Gun control is not the solution. We are not disagreeing that gun violence is a tragic waste of life. We’re not claiming that nothing should be done to try and ensure that as little life as possible is lost. We simply disagree that any amount of legislation will solve the problem.
It is claimed that the mass shootings that have occurred lately are a direct result of weak gun control policies, but that isn’t entirely true.
Consider the most recent example of the shooting in Orlando, Florida.
The shooter was a security guard that had gone through the required background check.
He had gone to a firearms store and attempted to procure large quantities of ammunition and the best body armor he could get but was denied and reported to authorities.
He had been on terrorist watch lists and was under FBI investigation. He was later cleared and removed from watch lists. He was able to purchase firearms completely legally.
Even if people on watch lists were not allowed to buy firearms, Omar Mateen, the man responsible for so many deaths, would still have acquired his guns.
There have been many cases of mass shootings where the shooters did not purchase guns legally. They either purchased guns through illegal means, or they have used the firearms of another person who did purchase the guns legally.
Banning all people who are on the no-fly list from buying guns would deny them the right of due process.
In this case, citizens would be denied their Second Amendment right to bare arms without a fair trial. The idea that we would grant the government the power to deny anyone any of their constitutional rights is a problem in and of itself.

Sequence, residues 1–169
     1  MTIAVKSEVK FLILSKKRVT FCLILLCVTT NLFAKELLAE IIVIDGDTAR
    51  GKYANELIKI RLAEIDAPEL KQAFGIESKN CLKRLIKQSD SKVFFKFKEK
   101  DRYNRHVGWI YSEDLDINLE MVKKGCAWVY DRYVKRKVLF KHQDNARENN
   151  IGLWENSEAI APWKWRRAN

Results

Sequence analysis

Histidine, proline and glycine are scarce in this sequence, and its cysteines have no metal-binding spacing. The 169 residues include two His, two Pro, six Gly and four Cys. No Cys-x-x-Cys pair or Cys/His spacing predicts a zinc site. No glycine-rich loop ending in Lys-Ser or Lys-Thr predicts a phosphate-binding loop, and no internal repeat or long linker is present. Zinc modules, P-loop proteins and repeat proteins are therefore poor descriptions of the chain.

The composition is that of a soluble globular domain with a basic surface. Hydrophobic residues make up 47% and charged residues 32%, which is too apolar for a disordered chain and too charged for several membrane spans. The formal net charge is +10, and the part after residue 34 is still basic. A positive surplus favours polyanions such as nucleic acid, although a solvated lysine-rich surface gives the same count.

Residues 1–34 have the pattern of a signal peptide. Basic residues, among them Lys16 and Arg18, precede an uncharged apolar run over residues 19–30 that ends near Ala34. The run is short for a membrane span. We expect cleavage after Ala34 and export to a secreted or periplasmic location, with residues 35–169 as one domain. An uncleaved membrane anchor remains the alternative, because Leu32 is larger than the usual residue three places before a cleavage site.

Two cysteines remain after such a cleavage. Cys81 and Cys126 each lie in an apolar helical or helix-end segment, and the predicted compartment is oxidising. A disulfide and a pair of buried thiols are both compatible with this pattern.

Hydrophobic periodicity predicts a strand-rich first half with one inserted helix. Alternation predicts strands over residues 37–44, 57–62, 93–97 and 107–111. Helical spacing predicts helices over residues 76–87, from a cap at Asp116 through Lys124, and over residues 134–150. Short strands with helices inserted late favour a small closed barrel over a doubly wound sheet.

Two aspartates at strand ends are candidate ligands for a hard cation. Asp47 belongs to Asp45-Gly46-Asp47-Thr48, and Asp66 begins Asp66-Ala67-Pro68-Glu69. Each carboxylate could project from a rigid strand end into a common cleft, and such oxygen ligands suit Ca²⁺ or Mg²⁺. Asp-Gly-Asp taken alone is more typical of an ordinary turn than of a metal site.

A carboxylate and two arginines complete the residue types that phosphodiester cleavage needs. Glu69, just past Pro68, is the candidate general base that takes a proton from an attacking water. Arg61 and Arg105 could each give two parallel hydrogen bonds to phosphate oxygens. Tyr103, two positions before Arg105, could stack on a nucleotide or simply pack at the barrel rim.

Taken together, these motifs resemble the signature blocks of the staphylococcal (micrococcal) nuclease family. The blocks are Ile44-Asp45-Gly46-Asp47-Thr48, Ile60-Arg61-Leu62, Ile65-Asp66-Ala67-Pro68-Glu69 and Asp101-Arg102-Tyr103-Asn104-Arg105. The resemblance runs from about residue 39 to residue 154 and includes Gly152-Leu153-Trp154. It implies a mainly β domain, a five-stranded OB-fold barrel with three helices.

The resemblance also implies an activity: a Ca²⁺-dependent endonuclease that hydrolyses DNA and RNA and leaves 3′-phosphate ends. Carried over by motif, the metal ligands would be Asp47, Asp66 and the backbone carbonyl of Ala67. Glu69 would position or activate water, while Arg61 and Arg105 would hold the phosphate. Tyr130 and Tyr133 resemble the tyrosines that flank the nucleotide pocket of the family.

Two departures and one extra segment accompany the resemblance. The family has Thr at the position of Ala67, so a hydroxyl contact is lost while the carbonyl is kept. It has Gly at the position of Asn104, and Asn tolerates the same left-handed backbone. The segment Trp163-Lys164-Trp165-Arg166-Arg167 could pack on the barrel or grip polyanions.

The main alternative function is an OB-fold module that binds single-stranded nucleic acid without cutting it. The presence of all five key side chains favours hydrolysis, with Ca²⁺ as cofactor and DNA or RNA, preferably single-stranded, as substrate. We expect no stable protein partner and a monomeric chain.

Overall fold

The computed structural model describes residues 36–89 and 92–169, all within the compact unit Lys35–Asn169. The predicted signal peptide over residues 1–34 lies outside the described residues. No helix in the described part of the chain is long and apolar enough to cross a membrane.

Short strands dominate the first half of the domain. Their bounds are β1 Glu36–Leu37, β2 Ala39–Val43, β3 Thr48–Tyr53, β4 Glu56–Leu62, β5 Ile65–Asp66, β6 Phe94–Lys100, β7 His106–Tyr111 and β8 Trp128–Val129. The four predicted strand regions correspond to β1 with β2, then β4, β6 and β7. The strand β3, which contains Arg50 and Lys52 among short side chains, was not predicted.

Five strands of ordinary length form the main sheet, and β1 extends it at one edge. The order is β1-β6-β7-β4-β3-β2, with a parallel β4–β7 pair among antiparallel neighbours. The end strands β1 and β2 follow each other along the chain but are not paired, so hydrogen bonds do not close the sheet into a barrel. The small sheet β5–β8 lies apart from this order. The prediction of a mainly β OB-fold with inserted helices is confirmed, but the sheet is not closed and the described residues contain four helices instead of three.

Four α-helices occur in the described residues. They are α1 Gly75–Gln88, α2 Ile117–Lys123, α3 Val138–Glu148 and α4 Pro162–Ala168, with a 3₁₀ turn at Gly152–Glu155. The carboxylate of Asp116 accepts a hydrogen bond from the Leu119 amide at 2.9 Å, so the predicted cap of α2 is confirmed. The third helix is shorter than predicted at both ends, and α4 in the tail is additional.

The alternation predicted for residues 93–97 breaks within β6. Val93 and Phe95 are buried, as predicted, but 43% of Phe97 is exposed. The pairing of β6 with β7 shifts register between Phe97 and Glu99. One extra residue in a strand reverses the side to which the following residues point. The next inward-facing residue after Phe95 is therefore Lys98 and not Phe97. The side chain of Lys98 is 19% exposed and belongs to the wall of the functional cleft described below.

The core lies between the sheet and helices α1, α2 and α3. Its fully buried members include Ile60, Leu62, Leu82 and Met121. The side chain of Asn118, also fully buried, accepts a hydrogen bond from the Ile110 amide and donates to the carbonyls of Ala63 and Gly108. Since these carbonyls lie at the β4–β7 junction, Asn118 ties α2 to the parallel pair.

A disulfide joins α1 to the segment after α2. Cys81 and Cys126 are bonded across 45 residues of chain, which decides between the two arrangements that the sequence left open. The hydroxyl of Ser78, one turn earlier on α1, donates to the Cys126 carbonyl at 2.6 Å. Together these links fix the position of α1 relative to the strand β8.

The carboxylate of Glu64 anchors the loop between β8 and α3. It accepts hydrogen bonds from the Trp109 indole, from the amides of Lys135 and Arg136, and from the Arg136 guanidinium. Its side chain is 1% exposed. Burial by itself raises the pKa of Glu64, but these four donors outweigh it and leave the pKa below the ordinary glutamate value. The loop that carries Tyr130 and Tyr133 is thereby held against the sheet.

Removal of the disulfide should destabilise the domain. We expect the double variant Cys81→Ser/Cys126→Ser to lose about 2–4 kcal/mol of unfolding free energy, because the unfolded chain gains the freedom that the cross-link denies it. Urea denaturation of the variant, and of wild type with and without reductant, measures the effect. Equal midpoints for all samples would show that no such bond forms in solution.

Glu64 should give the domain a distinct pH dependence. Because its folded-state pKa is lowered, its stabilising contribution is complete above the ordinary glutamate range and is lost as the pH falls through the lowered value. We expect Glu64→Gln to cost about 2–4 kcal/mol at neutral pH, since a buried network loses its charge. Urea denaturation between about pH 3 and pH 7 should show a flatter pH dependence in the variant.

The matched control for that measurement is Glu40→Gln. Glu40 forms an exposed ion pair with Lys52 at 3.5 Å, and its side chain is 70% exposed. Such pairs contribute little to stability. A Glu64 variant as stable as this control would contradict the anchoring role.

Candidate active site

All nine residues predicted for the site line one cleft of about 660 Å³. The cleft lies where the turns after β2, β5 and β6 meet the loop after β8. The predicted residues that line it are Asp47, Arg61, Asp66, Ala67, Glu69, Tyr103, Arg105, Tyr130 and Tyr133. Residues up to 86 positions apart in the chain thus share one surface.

If the loss of life is the main issue here, then why are guns the only real focus for change? Why are there only sit-ins for gun control?
For example, in 2013, there were 11,208 gun-related homicides. This number represents all reported gun-related homicides, including gang-related deaths, according to the Center for Disease Control and Prevention.
Compare that to the 88,000 alcohol-related deaths per year on average, or the 32, 675 car-related deaths in the year 2014, according to the CDC.
If the loss of life is the main focus here, why are guns the only thing we seem so strongly opposed to? Why doesn’t the House hold sit-ins for stronger control of alcohol consumption?
If we are going to claim to stand up for preserving life, then preserve life. Don’t just selectively preserve it.
We find that adding more and more rules about guns only truly punishes those law-abiding citizens that choose to comply with the laws.
Most, if not all, of the schools where mass shootings have taken place have been gun-free zones, but the shooter brought it in anyway.
The theaters and the clubs where shootings have taken place were also gun-free zones, but the shooter brought a gun in anyways.
Gun laws only impede those that choose to obey them, and we are of the opinion that people who are willing to kill dozens of people don’t much care for any gun regulation that is currently in place, nor will they care for any future regulation.
Guns can do good things if you let them. On Jan 11, 2014, Thomas Elliott Hjelmeland entered the Mystic Strip Club and began firing. He struck the bouncer, a waitress and a patron. He was stopped because Jonathan Baer, a concealed carry permit holder, drew his legal firearm and shot Hjelmeland, killing him.
There are any number of other cases that show that a responsible gun owner was able to prevent a great deal of death in schools, clubs and theaters.
All of these increased regulations are only going to limit people in their ability to protect themselves. If you want to make true, lasting change, find a way to teach people the value of life. Don’t cripple a person’s ability to defend themselves with so many fears and dangers surrounding us every day.